communication decency act

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communication decency act

  1. 1. It was the first attempt to regulate pornographic material on the Internet by the U.S. Congress. In 1995 it was introduced to the Senate Committee of Commerce, Science, and Transportation by Senators James Exon and Slade Gorton and was added June 14, 1995. It was Title V of the Telecommunications Act of 1996.  The amendment that became the CDA was added to the Telecommunications Act in the Senate by an 84–16 vote on June 14, 1995.
  2. 2. It affected the Internet and online communications in two significant ways. -First, it attempted to regulate both indecency (when available to children) and obscenity in cyberspace. -Second, Section 230 of the Act, declared that operators of Internet services were not to be construed as publishers.
  3. 3. The relevant sections of the Act were introduced in response to fears that Internet pornography was on the rise. Indecency in TV and radio broadcasting had already been regulated by the Federal Communications Commission—broadcasting of offensive speech was restricted to certain hours of the day, when minors were supposedly least likely to be exposed.
  4. 4. Passed by Congress on February 1, 1996, and signed by President Bill Clinton on February 8, 1996, the CDA imposed criminal sanctions on anyone who knowingly (A) uses an interactive computer service to send to a specific person or persons under 18 years of age, or (B) uses any interactive computer service to display in a manner available to a person under 18 years of age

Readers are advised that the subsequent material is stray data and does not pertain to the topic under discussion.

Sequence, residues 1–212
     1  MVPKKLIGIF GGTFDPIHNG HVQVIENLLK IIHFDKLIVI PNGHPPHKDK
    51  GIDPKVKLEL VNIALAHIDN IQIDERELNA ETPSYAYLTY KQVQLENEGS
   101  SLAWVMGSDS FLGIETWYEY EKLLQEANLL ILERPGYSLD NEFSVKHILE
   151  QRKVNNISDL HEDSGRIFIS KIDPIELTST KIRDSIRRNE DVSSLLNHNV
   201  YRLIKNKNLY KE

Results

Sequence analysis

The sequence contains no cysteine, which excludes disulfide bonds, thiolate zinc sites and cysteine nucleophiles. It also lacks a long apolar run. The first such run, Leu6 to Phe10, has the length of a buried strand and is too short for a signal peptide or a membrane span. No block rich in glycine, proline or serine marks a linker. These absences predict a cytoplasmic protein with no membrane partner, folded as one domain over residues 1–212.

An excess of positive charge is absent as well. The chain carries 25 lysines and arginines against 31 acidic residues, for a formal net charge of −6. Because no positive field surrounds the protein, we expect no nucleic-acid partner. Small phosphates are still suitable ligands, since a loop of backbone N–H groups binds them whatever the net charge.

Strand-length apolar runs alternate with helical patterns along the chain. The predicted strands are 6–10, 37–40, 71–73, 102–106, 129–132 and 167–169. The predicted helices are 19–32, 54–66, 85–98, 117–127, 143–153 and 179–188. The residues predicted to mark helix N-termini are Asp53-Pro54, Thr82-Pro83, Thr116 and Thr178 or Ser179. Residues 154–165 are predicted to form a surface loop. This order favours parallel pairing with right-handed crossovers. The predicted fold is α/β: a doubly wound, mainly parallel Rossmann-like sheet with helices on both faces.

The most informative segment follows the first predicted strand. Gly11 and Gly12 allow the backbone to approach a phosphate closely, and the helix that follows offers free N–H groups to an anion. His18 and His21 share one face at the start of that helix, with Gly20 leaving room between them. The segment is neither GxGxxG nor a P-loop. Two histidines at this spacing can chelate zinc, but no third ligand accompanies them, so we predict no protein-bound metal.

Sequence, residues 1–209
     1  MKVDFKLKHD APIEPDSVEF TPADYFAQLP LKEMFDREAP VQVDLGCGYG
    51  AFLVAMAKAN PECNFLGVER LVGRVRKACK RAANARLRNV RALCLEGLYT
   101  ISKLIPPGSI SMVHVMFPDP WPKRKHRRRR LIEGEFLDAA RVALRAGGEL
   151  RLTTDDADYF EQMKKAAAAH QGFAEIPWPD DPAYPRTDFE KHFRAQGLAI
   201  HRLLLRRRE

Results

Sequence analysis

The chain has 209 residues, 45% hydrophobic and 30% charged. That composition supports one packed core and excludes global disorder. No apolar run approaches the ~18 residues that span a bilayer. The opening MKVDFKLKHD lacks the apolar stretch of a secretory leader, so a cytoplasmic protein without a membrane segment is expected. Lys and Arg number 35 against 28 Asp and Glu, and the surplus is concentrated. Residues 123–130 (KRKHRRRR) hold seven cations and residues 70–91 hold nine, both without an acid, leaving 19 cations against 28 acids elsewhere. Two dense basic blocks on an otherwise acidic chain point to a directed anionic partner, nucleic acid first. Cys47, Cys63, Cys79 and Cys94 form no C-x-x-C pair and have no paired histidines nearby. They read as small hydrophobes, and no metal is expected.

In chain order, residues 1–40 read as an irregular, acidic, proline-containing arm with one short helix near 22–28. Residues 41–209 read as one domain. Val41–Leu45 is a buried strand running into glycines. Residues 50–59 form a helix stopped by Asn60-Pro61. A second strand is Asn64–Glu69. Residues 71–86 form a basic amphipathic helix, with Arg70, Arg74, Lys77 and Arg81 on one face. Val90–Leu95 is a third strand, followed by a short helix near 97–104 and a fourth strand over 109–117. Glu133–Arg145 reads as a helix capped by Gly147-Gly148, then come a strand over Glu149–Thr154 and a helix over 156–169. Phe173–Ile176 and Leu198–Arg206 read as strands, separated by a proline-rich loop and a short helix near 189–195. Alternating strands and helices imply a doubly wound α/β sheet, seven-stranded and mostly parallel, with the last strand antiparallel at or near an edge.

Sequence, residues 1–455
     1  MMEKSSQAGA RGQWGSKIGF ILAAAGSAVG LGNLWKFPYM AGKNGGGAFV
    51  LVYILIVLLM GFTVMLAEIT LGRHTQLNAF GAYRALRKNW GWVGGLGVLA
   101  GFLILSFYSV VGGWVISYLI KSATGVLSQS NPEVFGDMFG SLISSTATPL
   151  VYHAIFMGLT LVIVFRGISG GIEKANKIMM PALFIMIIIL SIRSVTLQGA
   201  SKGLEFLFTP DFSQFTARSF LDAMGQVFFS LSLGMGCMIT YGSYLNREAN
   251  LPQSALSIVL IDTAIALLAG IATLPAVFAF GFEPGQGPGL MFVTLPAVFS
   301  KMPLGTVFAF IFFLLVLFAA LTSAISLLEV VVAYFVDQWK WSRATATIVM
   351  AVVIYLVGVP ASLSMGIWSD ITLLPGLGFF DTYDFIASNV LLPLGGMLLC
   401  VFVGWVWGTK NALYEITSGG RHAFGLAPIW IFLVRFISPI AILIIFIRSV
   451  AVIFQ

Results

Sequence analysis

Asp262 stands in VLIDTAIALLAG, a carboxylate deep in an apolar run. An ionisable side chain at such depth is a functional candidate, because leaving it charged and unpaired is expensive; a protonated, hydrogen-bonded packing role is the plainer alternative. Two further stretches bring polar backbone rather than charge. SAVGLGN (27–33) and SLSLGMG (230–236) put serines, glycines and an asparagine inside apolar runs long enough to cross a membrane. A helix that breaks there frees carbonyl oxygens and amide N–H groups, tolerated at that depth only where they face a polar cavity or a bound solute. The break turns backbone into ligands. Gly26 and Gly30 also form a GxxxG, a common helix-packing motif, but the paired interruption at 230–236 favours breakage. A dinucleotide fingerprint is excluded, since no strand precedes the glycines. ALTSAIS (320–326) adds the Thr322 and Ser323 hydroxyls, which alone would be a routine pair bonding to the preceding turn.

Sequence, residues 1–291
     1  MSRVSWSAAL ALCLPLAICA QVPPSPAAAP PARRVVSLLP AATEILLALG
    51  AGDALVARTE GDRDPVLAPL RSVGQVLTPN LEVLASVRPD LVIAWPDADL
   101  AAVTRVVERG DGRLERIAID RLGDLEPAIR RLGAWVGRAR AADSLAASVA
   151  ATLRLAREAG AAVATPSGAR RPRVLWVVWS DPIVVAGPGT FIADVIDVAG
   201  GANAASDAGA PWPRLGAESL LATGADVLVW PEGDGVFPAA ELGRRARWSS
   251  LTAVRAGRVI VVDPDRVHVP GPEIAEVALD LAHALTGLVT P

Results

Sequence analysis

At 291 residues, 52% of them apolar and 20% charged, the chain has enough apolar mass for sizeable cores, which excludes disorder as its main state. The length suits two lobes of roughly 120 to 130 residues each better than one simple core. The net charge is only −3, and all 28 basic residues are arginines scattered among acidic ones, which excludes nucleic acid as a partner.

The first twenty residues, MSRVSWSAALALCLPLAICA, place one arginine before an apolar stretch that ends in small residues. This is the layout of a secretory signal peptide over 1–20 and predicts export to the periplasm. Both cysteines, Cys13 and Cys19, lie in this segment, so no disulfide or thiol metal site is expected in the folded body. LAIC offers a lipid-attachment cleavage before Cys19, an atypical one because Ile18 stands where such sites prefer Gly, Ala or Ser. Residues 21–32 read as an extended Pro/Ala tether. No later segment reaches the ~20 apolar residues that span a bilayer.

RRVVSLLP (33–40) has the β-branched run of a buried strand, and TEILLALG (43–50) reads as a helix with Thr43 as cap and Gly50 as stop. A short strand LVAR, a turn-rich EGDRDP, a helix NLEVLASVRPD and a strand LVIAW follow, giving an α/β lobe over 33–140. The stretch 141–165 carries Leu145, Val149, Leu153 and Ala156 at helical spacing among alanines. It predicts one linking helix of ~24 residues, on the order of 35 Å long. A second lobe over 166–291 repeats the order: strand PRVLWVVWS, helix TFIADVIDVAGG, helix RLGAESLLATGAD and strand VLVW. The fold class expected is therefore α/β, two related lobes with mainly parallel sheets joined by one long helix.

5. 5. Section 230It added protection for online service providers and users from actions against them based on the content of third parties, stating in part that "No provider or user of an interactive computer service shall be treated as the publisher or speaker of any information provided by another information content provider". Effectively, this section immunizes both ISPs and Internet users from liability for torts committed by others using their website or online forum, even if the provider fails to take action after receiving actual notice of the harmful or offensive content.
  6. 6. Case Summary In 1997, a group of organizations, including the American Civil Liberties Union (ACLU), challenged the “indecent transmission” and “patently offensive display” provisions of the 1996 Communications Decency Act. These provisions made it a crime to send offensive Internet material to persons under age eighteen. The district court found for the ACLU. On behalf of the Federal Government, Attorney General Janet Reno appealed to the Supreme Court. The Court's Decision The Supreme Court invalidated both provisions of the Communications Decency Act (CDA) of 1996, because they violated the First Amendment's guarantee of freedom of speech. Justice John Paul Stevens wrote an opinion in which six other justices joined fully. Justice Stevens reviewed the operation of the Internet and the difficulty of verifying the age of an Internet user. Justice Stevens pointed out several problems with the act: It did not define “indecent,” it did not allow parents to authorize their children to access restricted materials, it applied “to the entire universe of cyberspace” rather than to well-defined areas.
  7. 7. Moreover, the Internet is not a “scarce” commodity like the airwaves, so there is less justification for governmental regulation. Finally, the regulated materials do not just appear on the computer screen, but must be actively sought out. Justice O'Connor concurred in part and dissented in part. She made an analogy to zoning law: “I view the Communications Decency Act of 1996 (CDA) as little more than an attempt by Congress to create 'adult zones' on the Internet. Our precedent indicates that the creation of such zones can be constitutionally sound.” However, she agreed with the majority that the particular restrictions imposed by the CDA went beyond the permissible scope of legitimate zoning regulation and therefore joined the majority in finding the law unconstitutional.

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